Predictors of the shape bias (Abdelaziz et al., 2018)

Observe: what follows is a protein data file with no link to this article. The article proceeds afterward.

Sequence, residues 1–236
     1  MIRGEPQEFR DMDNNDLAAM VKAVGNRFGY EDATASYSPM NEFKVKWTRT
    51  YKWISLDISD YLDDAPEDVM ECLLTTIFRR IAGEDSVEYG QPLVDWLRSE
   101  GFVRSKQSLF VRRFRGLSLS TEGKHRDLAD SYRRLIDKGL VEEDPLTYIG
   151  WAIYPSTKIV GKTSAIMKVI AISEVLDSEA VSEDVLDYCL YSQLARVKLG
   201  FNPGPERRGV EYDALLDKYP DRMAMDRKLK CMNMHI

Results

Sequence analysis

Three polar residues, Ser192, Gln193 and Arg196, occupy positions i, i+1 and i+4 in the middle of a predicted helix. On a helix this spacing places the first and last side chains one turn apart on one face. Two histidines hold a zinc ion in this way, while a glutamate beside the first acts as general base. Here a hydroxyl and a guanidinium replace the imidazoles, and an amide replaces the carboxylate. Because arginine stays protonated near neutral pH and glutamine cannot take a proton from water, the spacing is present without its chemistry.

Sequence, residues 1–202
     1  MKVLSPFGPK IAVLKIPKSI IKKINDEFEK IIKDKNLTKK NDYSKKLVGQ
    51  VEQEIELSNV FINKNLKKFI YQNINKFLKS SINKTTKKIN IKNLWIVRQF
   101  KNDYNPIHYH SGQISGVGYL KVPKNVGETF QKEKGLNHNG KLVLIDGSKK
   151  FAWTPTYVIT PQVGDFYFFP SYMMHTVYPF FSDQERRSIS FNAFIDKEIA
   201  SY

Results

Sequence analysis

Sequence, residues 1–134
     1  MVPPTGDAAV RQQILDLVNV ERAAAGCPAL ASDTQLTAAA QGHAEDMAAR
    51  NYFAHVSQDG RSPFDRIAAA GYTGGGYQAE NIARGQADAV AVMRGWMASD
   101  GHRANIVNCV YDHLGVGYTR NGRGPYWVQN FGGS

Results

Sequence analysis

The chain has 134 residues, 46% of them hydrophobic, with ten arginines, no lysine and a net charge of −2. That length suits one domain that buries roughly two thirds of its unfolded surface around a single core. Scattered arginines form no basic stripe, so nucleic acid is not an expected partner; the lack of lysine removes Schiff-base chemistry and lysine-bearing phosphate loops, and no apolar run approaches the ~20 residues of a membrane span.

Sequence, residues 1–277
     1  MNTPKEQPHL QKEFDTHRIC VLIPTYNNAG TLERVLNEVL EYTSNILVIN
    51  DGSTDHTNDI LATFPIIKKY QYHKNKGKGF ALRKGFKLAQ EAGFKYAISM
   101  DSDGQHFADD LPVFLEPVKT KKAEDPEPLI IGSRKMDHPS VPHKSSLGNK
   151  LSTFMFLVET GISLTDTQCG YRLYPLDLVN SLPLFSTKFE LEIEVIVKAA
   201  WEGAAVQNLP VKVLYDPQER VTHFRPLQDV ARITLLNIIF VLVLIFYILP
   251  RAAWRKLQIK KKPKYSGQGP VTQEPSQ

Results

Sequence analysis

<div><b>Purpose:</b> Children with autism spectrum disorder (ASD) demonstrate many mechanisms of lexical acquisition that support language in typical development; however, 1 notable exception is the shape bias. The bases of these children’s difficulties with the shape bias are not well understood, and the current study explored potential sources of individual differences from the perspectives of both attentional and conceptual accounts of the shape bias.</div><div><b>Method:</b> Shape bias performance from the dataset of Potrzeba, Fein, and Naigles (2015) was analyzed, including 33 children with typical development (<i>M</i> = 20 months; <i>SD</i> = 1.6), 15 children with ASD with high verbal abilities (<i>M</i> = 33 months; <i>SD</i> = 4.6), and 14 children with ASD with low verbal abilities (<i>M</i> = 33 months; <i>SD</i> = 6.6). Lexical predictors (shape-side noun percentage from the MacArthur–Bates Communicative Development Inventory; Fenson et al., 2007) and social-pragmatic predictors (joint attention duration during play sessions) were considered as predictors of subsequent shape bias performance.</div><div><b>Results: </b>For children in the low verbal ASD group, initiation of joint attention (positively) and passive attention (negatively) predicted subsequent shape bias performance, controlling for initial language and developmental level. Proportion of child’s known nouns with shape-defined properties correlated negatively with shape bias performance in the high verbal ASD group but did not reach significance in regression models.</div><div><b>Conclusions: </b>These findings suggest that no single account sufficiently explains the observed individual differences in shape bias performance in children with ASD. Nonetheless, these findings break new ground in highlighting the role of social communicative interactions as integral to understanding specific language outcomes (i.e., the shape bias) in children with ASD, especially those with low verbal abilities, and point to new hypotheses concerning the linguistic content of these interactions.</div><div><br></div><div><b>Publisher Note: </b>This article is part of the Research Forum: Advances in Autism Research: From Learning Mechanisms to Novel Interventions.</div><div><br></div><div>Abdelaziz, A., Kover, S. T., Wagner, M., & Naigles, L. R. (2018). The shape bias in children with autism spectrum disorder: Potential sources of individual differences.<i> Journal of Speech, Language, and Hearing Research, 61</i>(11), 2685–2702.</div>